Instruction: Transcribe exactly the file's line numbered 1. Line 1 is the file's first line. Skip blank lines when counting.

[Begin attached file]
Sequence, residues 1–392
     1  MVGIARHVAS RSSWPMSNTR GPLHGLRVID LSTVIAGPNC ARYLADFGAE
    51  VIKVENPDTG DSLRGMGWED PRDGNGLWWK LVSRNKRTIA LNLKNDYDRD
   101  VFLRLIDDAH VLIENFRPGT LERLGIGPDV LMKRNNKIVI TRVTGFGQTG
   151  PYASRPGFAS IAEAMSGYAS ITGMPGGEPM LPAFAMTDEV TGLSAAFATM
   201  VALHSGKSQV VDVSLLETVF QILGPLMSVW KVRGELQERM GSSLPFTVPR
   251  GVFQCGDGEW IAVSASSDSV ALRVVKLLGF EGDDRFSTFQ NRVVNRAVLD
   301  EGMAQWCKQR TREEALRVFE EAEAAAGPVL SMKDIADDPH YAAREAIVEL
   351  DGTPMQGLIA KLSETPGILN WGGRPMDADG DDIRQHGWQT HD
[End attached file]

Sequence, residues 1–392